Jesus foretells not only their destruction but that of the entire city. This is not the first time this has happened, but this tribulation will be far worse. This time the entire nation of Israel will be abandoned; rejected as God’s chosen people.
“Jerusalem, Jerusalem, the killer of the prophets and stoner of those sent to her—how often I wanted to gather your children together the way a hen gathers her chicks under her wings! But you did not want it. 38 Look! Your house is abandoned to you.” (Mt 23:37, 38)
Thus, the age of the Jewish nation will end. Its particular system of things as God’s chosen people will have reached its conclusion and will be no more.
A Quick Review
In Matthew 23:36, Jesus speaks of “all these things” which will come upon “this generation.” Going no further, looking only at the context, what generation would you suggest he is speaking of? The answer would seem obvious. It must be the generation upon which all these things, this destruction, is about to come.
Leaving the Temple
Since arriving in Jerusalem, Jesus’ message has changed. He is no longer speaking of peace and reconciliation with God. His words are full of denunciation and retribution, death and destruction. For a people who are very proud of their ancient city with its magnificent temple, who feel their form of worship is the only one approved by God, such words must be very disturbing. Perhaps in reaction to all this talk, upon leaving the temple, Christ’s disciples start talking up the beauty of the temple. This talk causes our Lord to say the following:
“As he was going out of the temple, one of his disciples said to him: “Teacher, see! what wonderful stones and buildings!” 2 However, Jesus said to him: “Do you see these great buildings? By no means will a stone be left here upon a stone and not be thrown down.”” (Mr 13:1, 2)
“Later, when some were speaking about the temple, how it was adorned with fine stones and dedicated things, 6 he said: “As for these things that you now see, the days will come when not a stone will be left upon a stone and not be thrown down.”” (Lu 21:5, 6)
“Now as Jesus was departing from the temple, his disciples approached to show him the buildings of the temple. 2 In response he said to them: “Do you not see all these things? Truly I say to you, by no means will a stone be left here upon a stone and not be thrown down.”” (Mt 24:1, 2)
“These great buildings”, “these things”, “all these things.” These words originate with Jesus, not his disciples!
If we ignore the context and restrict ourselves only to Matthew 24:34, we might be led to believe that the phrase “all these things” refers to the signs and occurrences Jesus spoke of at Matthew 24:4 thru 31. Some of those things occurred shortly after Jesus died, while others have yet to occur, so drawing such a conclusion would force us to explain how a single generation could encompass a 2,000-year-long span of time.[i] When something doesn’t harmonize with the rest of Scripture nor the facts of history, we should see it as a big a red flag to alert us we may be falling prey to eisegesis: imposing our view on Scripture, rather than letting Scripture instruct us.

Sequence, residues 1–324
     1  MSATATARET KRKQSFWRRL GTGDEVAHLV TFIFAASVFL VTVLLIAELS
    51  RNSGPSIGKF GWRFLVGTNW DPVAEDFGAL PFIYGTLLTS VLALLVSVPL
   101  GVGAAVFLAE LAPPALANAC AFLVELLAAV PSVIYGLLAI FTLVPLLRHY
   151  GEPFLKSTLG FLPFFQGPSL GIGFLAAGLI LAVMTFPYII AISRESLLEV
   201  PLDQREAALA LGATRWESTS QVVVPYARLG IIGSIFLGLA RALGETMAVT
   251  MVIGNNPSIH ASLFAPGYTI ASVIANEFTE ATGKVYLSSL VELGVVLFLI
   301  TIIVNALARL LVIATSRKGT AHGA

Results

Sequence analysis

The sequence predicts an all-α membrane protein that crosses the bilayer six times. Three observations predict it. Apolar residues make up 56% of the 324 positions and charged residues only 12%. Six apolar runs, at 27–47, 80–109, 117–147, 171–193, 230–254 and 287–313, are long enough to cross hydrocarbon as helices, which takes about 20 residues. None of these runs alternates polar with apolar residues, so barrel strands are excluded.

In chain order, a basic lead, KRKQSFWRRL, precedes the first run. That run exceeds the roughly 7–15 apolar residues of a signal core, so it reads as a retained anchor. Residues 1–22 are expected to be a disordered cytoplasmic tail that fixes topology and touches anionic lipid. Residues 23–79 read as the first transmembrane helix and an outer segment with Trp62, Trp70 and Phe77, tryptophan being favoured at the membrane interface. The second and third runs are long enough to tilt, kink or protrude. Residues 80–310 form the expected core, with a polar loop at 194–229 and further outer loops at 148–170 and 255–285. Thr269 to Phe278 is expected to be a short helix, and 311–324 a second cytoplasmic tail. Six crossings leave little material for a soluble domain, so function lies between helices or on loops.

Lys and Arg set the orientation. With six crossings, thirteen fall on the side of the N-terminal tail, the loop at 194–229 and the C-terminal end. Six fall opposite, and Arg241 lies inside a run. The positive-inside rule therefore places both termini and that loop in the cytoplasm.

So let us look again at the context. The first time Jesus uses these two phrases together – “all these things” and “this generation” – is in Matthew 23:36. Then, shortly thereafter, he again uses the phrase “all these things” (tauta panta) to refer to the temple. The two phrases are closely connected by Jesus. Further, this and these are words used to denote objects, things or conditions that are present before all onlookers. “This generation” must therefore refer to a generation then present, not one 2,000 years in the future. “All these things” would likewise refer to things he’s just spoken of, things present before them, things pertaining to “this generation.”
What about the things mentioned at Matthew 24:3-31? Are they also included?
Before we answer that, we have to again look at the historical context and what gave rise to Christ’s prophetic words.
The Multipart Question
After departing the temple, Jesus and his disciples made their way to the Mount of Olives from which they could view all of Jerusalem including its magnificent temple. Undoubtedly, the disciples must have been disturbed by Jesus’ words that all the things they could see from the Mount of Olives were soon to be destroyed. How would you feel if the place of worship you had revered all your life as God’s own house was going to be utterly obliterated? At the very least, you would want to know when it was all going to happen.
“While he was sitting on the Mount of Olives, the disciples approached him privately, saying: “Tell us, (A) when will these things be, and (B) what will be the sign of your presence and (C) of the conclusion of the system of things?” (Mt 24:3)
“Tell us, (A) when will these things be, and (C) what will be the sign when all these things are to come to a conclusion?” (Mr 13:4)
“Then they questioned him, saying: “Teacher, (A) when will these things actually be, and (C) what will be the sign when these things are to occur?” (Lu 21:7)
Notice that only Matthew breaks the question into three parts. The other two writers do not. Did they feel the question about Christ’s presence (B) wasn’t important? Not likely. Then why not mention it? Also worthy of note is the fact that all three gospel accounts were written before the fulfillment of Matthew 24:15-22, i.e., before Jerusalem was destroyed. Those writers did not yet know that all three parts of the question were not to have a concurrent fulfillment. As we consider the rest of the account, it is critical that we remember that point; that we see things through their eyes and understand where they were coming from.